Happy Pokemon Day! Twenty-six years ago Pokemon Red and Pokemon Green were released in Japan. Pokemon celebrates its anniversary every year on February 27th. I was in college when Pokemon came out and by that time I was only playing Madden and NHL from EA sports. I missed everything about Pokemon except for one friend who clued me into how funny Jigglypuff was. With kids, I got a second chance to learn what Pokemon was about. I wrote this article last year, but it still works.
I’m going to give you some of the ways I teach my kids with Pokemon. This bonus Saturday edition of Lazy Man and Money has a lot less personal finance than my usual articles. If you don’t have kids or if Pokemon isn’t your thing, it may be best to come back early next week for the regularly-scheduled personal finance programming.
If you haven’t already left, Pokemon can be a money topic.
- Highest Grossing Media Franchise – Did you know that the highest-grossing media franchise has a mouse as its mascot? Did you know that the mouse’s name is Pikachu? It’s true*. In Walt Disney’s famous words, “I hope we never lose sight of one thing – that it was all started by a mouse.”
- Teaching Kids about Money with Pokemon
- Pokemon as a Side Hustle – There are numerous Etsy creators and YouTube stars turning Pokemon into a career. One artist makes some great money creating her art with Pokemon cards. There are even Pokemon Scholarships available for the top kid Pokemon card players.
– I’ll cover this in a little detail with much of it focusing on Pokemon Go.
My Brief History of Pokemon
I was 23 years old when Pokemon became popular in 1999. At that time, I was more interested in day-trading tech stocks than a silly kids’ show. As for video games, I only played Madden, NHL, and maybe Mario Cart. Nineteen years later, my 4 and 5-year-olds became obsessed with the adventures of a young boy and his Pikachu. My 5-year-old found it on Netflix after some older kids were talking about it at summer camp.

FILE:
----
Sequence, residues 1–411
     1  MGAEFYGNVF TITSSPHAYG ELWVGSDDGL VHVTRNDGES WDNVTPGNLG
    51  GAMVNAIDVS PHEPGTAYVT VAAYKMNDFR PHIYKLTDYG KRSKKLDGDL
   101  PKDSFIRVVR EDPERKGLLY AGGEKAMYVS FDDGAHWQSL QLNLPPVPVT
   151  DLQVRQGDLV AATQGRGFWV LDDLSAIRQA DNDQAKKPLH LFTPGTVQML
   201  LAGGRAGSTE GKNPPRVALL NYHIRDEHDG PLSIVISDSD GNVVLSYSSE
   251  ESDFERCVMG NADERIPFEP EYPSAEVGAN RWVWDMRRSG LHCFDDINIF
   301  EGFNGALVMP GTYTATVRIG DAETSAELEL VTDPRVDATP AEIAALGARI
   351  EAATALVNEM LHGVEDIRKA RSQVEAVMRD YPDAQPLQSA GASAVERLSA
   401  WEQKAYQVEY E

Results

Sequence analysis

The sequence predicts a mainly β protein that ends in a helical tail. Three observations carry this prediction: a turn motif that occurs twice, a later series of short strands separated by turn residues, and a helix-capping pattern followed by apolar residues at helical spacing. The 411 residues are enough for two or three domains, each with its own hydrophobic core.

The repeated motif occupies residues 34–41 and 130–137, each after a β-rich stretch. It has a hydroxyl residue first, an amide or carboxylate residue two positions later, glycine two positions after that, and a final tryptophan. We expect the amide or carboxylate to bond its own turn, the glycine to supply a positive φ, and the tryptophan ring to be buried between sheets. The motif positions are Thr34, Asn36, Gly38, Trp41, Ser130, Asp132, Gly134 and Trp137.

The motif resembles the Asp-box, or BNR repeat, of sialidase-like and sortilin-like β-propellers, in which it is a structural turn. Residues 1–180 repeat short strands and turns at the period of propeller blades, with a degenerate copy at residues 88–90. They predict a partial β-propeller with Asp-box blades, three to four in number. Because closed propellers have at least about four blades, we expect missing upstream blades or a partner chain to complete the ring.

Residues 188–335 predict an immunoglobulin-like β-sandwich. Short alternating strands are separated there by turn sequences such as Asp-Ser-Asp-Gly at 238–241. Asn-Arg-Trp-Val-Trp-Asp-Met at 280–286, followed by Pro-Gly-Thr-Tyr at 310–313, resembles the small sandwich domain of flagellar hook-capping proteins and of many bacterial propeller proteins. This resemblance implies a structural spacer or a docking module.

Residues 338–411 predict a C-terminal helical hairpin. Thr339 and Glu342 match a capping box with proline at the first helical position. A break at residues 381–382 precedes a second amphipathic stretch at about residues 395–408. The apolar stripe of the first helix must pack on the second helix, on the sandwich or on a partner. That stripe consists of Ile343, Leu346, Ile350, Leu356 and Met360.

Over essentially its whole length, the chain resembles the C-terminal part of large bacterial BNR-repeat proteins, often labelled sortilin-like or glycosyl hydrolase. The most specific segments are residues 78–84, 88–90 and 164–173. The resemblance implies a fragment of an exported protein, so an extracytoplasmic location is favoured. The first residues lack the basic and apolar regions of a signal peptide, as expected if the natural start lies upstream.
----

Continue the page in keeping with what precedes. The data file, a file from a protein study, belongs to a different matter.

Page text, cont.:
I thought Pokemon was about the cards and card game, like Magic the Gathering. That led me to ask:
Anyone know of a good complete newbie's guide to Pokemon?
— LazyManAndMoney (@LazyManAndMoney) July 13, 2018
As you can tell, I didn’t know a thing about the world of Pokemon. Its cards, video games, television shows. I found the anime confusing because it doesn’t always in any particular order like season 1, episode 1. I later found out that it does have an order, but you have to know the names of the seasons. You also have to know where to slot in the movies.
But the kids and I started off watching Indigo League together. I “watched” a lot of television with the kids while writing or doing other work. I am able to keep a little focus and ask some questions at the end about the lessons learned. It soon became obvious that the show was more interesting than most kid shows.
Once it was clear that my kids loved everything about Pokemon, I started to look into how I could use to teach them almost anything. I have to admit that some of it came about by accident.
Before I dig into some of the many things I’ve my kids with Pokemon, I have to get the standard disclaimers out. I’m not a teacher. I’m not a Pokemon expert. I’m a boring parent who mostly asks his kids questions to get them thinking.
Teaching Kids to Read with Pokemon
One tip that I learned early on is to always put on the closed captions with kid shows. I had this set up automatically on Netflix. There are studies that show that closed captioning can help kids read (Source 1, Source 2). My sample size of 2 kids is small, but I feel like it helped and common sense may tell it you can’t hurt. Even as a kid I remember following the bouncing ball in reading cartoons.
Just 10 days after my Tweet (and probably 50 episodes of Indigo League) we had this exchange on the way to camp in the car:
My 5-year old: Grandma took me to Barnes & Noble and they had Pokemon books, but I didn't get any :-(.
Me: I can get you Pokemon books.
Son: At Amazon?!?!
Me: No, the library of course.
— LazyManAndMoney (@LazyManAndMoney) July 23, 2018
So we went to the library.
There they had the Pokemon Essential Handbook. (Note: This is the newest version, the actual book was older with fewer Pokemon.)
The Pokemon Essential Handbook is the most important Pokemon book. It’s an encyclopedia of 800+ Pokemon. My 5-year-old stayed up all night for a couple of nights reading and memorizing every page. He would start kindergarten in a couple of months with an understanding of how an encyclopedia worked. When I was in kindergarten, I had an understanding of how to scribble with a crayon.
Before I returned it to the library, I bought it. It was the best $10 I’ve ever spent. We’re actually on our second copy, that’s how much use it has gotten.
By the way, if you go to the library to get Pokemon books, go to the non-fiction section:
At the library I couldn't find any Pokemon books, so I asked the librarian for help.
She explained that they were in the non-fiction section.
I'm getting better at just letting things go.
— LazyManAndMoney (@LazyManAndMoney) July 23, 2018